Caleb Ewan’s first Tour Down Under with his new team has become the week from hell after the Australian sprint ace was relegated for headbutting.
Anyone can contribute to The Roar and have their work featured alongside some of Australia’s most prominent sports journalists.
Evans was off the pace in the recently-completed Tirreno-Adriatico – the event he won last year en route to his famous Tour De France triumph.
Evans, the defending champion, finished the Italian stage race in an overall position of 32nd, nearly 13 minutes behind the winner Vincenzo Nibali.
It is easy to write off the result as inconsequential given how early it is in the racing season. However the concerning thing for Australian cycling fans is the huge variance in Evans’ form compared to this time last year.
Evans himself acknowledged this drop off in form in a post-race press release: “The biggest difference was the result, from first to 30-something. I didn’t have the smoothest off-season. There was the risk I wasn’t going to be at the same level”.
However, Evans does appear to be keeping the result in perspective, citing the fact that the pace had been fairly intense in this year’s race.
“Analysing it, I’m not riding so poorly, as the results might indicate. There are many people riding really hard here, there’s a very high level of competition.”
Despite Evans self-assurance, there is no doubt that he would be using last season as the blueprint for success in this year’s campaign. The fact that he has not been able to reproduce the early season form would be a concern.
Evans put it most succinctly himself when he said “My legs are not as good as they were last year at this time”.
It is difficult to know exactly what Evans was referring to when he stated “I didn’t have the smoothest off-season”. Of course he and his wife Chiara did adopt their first child in the off-season.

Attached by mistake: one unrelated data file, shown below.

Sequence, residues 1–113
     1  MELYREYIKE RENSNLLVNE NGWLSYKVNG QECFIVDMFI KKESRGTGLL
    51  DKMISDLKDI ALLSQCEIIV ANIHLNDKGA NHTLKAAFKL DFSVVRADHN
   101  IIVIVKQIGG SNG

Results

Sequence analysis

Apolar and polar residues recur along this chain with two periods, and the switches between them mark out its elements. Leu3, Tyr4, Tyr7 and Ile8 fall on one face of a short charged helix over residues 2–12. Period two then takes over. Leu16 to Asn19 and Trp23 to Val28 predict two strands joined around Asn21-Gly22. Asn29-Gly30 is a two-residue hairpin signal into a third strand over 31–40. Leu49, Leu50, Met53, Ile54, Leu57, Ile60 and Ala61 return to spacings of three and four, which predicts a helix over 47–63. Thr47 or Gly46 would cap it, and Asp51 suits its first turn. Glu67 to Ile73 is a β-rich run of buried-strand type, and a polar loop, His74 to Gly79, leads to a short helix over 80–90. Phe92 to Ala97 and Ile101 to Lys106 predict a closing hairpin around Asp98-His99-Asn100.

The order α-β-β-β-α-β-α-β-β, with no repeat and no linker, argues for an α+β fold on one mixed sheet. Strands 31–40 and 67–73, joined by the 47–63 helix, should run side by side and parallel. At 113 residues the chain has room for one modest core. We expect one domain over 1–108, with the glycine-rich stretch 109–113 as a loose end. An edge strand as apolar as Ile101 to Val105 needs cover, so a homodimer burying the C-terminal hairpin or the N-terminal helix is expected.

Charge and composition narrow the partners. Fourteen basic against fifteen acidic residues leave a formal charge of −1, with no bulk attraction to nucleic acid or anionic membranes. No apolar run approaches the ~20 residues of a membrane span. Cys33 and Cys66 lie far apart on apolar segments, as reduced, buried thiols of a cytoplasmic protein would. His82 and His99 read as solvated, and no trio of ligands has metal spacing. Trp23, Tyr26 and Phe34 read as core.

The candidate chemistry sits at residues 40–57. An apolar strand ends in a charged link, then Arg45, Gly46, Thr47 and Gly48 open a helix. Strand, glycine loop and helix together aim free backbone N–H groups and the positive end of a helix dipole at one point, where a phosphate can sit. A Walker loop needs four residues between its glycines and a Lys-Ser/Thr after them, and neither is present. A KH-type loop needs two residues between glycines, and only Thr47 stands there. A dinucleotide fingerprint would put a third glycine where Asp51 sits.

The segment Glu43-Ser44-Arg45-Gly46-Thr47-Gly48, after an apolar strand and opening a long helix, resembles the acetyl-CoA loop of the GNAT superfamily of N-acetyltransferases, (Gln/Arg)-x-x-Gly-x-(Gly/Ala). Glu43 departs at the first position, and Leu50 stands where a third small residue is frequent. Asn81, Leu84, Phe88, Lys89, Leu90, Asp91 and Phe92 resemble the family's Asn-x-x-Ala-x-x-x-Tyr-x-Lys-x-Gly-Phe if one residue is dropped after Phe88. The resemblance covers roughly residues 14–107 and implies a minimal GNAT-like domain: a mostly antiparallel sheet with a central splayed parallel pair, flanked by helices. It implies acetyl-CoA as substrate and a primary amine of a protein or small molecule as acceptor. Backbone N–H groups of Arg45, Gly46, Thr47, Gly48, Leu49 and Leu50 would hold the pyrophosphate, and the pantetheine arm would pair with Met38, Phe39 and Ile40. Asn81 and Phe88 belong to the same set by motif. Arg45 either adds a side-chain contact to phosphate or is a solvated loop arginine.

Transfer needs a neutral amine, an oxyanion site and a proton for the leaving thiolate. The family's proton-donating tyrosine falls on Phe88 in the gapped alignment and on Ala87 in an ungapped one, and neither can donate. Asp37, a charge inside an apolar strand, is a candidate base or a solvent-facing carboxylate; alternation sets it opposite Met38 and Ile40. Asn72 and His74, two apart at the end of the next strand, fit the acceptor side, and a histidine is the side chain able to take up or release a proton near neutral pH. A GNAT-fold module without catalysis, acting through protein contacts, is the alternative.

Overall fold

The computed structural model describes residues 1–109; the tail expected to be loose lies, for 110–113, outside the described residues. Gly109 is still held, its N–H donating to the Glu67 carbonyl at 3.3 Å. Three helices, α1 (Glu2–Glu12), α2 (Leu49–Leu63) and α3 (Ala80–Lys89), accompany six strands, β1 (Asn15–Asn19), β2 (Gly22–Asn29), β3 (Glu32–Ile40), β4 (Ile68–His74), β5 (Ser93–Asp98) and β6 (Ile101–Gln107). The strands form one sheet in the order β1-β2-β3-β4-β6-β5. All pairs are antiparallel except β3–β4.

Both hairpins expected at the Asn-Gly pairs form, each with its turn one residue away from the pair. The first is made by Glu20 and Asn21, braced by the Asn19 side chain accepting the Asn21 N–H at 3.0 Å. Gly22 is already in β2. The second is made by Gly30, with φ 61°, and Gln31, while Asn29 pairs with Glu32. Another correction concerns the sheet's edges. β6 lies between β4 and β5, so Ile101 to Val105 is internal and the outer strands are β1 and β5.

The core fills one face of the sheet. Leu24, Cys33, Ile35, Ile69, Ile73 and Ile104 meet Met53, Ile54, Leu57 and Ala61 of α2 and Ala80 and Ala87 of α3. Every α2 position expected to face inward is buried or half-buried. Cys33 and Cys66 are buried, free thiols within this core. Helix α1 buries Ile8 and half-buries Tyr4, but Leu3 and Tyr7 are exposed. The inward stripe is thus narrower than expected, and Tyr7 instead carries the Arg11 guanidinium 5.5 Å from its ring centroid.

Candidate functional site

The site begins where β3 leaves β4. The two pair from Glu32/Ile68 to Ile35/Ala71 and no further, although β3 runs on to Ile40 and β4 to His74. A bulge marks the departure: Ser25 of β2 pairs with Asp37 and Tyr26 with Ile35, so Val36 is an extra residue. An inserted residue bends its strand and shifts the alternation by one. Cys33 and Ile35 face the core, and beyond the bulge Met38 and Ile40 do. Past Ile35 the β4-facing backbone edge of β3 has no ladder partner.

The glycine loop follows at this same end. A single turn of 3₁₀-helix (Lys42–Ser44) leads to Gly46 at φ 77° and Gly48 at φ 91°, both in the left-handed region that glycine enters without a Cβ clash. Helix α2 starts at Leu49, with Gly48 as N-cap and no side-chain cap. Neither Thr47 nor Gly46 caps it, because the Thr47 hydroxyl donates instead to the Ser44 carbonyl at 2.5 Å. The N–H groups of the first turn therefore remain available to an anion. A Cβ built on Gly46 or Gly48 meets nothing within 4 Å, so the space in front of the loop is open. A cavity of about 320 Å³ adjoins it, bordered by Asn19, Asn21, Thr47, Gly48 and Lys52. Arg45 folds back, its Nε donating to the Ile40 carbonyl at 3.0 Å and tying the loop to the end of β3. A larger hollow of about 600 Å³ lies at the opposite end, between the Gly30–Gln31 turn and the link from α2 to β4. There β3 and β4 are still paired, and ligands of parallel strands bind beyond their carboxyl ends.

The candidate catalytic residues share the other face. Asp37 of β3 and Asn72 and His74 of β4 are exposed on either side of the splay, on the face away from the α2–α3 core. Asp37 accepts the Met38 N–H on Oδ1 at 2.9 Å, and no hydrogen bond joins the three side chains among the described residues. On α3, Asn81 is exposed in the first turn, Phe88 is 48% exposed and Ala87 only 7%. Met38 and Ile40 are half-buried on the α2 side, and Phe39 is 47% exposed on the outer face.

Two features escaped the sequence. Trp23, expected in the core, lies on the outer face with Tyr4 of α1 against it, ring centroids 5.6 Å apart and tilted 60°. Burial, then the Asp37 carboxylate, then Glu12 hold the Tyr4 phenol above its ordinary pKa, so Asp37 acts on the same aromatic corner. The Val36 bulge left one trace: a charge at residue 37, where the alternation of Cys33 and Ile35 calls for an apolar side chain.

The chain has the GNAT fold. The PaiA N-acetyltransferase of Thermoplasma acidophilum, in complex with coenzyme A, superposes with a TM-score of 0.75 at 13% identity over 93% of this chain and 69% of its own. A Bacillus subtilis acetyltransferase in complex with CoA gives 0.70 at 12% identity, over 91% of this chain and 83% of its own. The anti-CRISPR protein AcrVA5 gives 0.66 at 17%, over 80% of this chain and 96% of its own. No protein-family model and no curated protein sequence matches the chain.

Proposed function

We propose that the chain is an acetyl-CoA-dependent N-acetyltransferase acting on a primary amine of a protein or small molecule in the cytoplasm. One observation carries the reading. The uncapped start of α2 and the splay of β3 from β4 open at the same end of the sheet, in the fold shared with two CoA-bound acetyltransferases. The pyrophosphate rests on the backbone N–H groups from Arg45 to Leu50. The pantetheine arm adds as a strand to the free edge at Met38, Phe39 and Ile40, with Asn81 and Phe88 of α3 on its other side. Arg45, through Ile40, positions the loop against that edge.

Family pressures would certainly have played their part. Evans has proved over the years to be a sensitive and caring individual, not purely focused on his racing like some of his peers. His stance on Tibet during the Beijing Olympics is a good example.
He is also a man who, in the past, has relished his time out of the spotlight – something he would get less of these days.
Older riders with families face different kinds of pressures to the younger riders. It was great to see Chris Horner still competitive in the Tirreno-Adriatico at 40. He gave some insight into the perennial sacrifices riders need to make to stay at the top when he commented “The most difficult thing is to say no, you have to tell your family no, tell your friends no, sometimes you have to tell your sponsors no because they can take all your time”.
No doubt it is difficult telling your wife “no” when you have recently adopted a baby from Africa, not to mention the fact that a defending Tour de France champion would have more sponsors and media commitments than just about any other rider on the tour.
As they say – the only thing harder than getting to the top is staying there. It’s way too early to suggest that Evans cannot win another Tour this year – but it will be a Herculean effort if he does.